In silico design of antiviral peptides targeting the spike protein of SARS-CoV-2.Peptides. 2020 08; 130:170328.P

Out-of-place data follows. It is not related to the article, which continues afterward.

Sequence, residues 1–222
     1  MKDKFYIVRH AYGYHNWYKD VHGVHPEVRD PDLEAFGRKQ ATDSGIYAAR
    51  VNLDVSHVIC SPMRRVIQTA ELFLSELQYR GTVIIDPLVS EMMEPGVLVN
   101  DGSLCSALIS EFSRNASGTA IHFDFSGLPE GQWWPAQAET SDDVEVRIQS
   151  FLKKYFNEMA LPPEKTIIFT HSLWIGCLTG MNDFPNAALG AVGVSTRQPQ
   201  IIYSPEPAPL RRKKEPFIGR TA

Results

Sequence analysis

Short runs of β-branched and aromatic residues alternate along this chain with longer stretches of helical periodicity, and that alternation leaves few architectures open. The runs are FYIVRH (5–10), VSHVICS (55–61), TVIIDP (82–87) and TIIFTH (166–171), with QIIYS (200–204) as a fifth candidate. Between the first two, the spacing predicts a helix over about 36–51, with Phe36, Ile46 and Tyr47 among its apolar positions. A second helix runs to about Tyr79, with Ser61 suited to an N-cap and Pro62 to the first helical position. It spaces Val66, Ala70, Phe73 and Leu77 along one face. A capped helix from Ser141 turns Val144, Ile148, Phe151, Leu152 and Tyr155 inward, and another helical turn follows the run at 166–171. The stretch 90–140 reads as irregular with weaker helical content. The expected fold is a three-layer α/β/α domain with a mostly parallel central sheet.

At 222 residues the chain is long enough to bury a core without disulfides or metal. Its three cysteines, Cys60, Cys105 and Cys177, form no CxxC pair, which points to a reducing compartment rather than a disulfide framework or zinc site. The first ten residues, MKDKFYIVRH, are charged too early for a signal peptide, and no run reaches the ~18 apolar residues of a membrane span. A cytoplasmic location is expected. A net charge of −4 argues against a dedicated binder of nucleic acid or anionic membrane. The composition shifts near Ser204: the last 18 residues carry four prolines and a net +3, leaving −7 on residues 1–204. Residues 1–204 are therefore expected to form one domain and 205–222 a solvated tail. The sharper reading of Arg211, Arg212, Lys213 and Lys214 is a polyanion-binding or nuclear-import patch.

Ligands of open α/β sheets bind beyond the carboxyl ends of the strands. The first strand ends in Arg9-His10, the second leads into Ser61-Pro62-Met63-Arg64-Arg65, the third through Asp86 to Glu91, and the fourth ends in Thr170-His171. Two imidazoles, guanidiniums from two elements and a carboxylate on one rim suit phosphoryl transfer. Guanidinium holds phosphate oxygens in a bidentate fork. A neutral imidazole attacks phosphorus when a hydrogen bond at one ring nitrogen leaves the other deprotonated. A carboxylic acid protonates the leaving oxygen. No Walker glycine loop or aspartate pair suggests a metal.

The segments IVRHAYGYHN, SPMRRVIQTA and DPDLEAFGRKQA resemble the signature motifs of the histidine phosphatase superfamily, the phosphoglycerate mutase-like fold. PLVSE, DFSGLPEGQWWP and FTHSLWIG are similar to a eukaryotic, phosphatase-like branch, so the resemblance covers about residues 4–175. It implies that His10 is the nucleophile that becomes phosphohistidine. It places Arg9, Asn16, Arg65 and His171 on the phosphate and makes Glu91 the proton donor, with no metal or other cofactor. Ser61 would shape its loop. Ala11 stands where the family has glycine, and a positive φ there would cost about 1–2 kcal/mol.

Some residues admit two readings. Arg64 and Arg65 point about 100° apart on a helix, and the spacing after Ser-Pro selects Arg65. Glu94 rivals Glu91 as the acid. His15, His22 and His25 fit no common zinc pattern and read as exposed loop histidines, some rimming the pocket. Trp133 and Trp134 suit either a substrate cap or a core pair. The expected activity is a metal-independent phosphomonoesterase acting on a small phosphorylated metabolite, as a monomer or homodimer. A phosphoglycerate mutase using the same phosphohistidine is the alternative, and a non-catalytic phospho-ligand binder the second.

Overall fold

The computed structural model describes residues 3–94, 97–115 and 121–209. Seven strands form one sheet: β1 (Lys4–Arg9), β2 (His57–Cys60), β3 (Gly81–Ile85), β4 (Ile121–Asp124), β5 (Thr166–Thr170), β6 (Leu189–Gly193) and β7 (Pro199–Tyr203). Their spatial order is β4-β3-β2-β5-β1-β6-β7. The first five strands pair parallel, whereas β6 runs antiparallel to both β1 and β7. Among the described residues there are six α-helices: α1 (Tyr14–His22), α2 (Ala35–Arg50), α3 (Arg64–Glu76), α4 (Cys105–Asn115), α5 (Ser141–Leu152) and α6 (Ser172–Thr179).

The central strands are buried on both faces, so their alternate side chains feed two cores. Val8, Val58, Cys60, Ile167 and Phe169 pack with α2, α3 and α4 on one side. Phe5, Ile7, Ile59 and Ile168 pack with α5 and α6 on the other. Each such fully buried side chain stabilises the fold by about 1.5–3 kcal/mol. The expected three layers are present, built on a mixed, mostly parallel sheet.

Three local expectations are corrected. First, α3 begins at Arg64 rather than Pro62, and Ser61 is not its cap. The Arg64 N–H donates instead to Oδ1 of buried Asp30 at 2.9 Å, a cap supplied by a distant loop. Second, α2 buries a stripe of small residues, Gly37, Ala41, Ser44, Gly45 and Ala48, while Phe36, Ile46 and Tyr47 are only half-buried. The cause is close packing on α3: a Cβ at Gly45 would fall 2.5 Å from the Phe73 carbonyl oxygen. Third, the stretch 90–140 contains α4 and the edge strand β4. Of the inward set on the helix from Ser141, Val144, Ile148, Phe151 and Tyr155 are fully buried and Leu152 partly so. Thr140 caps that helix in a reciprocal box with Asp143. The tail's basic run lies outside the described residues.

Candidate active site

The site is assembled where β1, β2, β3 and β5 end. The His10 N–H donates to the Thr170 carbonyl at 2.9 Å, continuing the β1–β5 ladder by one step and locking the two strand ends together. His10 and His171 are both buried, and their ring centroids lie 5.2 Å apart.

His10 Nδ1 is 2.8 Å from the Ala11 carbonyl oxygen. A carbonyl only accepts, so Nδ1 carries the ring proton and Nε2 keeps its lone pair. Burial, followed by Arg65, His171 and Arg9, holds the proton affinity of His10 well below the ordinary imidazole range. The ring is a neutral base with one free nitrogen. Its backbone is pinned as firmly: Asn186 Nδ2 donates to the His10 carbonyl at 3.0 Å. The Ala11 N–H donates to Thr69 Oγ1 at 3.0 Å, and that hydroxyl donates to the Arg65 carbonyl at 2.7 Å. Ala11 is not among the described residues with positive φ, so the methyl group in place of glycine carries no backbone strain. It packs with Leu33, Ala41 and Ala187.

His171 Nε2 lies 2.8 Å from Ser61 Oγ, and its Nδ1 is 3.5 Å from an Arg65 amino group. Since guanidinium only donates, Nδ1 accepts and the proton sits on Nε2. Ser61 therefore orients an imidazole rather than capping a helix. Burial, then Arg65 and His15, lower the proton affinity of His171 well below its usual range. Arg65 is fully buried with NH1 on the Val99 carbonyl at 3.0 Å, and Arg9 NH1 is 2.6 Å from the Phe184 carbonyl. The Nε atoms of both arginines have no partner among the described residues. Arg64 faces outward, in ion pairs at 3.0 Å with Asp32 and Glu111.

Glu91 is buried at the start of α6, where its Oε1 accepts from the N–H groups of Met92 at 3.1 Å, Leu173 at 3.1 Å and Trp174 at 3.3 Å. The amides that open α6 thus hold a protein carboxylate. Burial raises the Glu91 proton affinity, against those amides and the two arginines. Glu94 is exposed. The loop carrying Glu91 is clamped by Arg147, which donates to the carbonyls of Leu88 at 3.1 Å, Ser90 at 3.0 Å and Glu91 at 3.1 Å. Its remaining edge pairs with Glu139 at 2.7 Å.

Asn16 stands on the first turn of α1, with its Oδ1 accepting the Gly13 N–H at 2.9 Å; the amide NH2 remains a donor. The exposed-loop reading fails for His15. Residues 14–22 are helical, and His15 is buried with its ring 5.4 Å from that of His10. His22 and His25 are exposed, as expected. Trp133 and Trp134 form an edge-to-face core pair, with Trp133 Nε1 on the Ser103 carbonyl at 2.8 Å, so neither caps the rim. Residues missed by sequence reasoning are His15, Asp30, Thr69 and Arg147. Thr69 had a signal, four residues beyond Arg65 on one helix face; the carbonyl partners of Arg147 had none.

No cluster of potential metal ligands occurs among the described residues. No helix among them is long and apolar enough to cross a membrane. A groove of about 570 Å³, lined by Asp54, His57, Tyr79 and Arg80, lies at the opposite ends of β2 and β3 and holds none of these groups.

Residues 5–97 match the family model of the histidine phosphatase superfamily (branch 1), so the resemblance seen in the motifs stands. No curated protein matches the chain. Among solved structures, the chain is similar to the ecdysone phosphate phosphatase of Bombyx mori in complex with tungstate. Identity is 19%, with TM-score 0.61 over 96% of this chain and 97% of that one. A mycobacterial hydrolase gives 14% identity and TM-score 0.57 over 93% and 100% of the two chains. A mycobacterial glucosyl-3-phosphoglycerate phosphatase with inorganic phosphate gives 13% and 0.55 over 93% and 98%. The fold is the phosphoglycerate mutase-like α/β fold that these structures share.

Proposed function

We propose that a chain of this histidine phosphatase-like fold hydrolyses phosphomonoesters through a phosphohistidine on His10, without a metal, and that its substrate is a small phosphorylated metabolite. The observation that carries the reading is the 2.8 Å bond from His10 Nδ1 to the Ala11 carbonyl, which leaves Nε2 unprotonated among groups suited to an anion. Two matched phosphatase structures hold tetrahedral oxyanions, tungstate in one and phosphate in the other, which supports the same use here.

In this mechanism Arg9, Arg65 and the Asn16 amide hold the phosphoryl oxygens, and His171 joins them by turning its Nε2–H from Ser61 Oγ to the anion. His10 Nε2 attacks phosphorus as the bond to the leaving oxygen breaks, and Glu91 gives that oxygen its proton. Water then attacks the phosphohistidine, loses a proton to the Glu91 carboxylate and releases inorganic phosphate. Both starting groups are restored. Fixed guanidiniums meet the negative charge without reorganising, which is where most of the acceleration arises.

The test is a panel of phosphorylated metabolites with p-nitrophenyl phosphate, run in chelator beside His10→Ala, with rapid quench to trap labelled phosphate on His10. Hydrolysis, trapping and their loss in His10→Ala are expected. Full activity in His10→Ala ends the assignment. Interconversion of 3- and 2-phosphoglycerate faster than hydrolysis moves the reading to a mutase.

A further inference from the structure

An outbreak caused by 2019 novel coronavirus (2019-nCoV) was first identified in Wuhan City, Hubei Province, China. The new virus was later named SARS-CoV-2. The virus has affected tens of thousands of patients in the world. The infection of SARS-CoV-2 causes severe pneumonia and even death. It is urgently needed to find a therapeutic method to treat patients with SARS-CoV-2 infection. Studies showed that the surface spike (S) protein is essential for the coronavirus binding and entry of host cells. The heptad repeats 1 and 2 (HR1 and HR2) in the S protein play a decisive role in the fusion of the viral membrane with the host cell membrane. We predicted the HR1 and HR2 regions in S protein by sequence alignment. We simulated a computational model of HR1/2 regions and the fusion core. The binding energy of HR1 and HR2 of the fusion core was -33.4 kcal/mol. We then designed antivirus peptides by molecular dynamics simulation of the fusion core. The binding energy of HR2-based antiviral peptide to HR1 was -43.0 kcal/mol, which was stronger than the natural stage of the fusion core, suggesting that the predicted antiviral peptide can competitively bind with HR1 to prevent forming of the fusion core. The antiviral peptides can prevent SARS-CoV-2 membrane fusion and can potentially be used for the prevention and treatment of infections.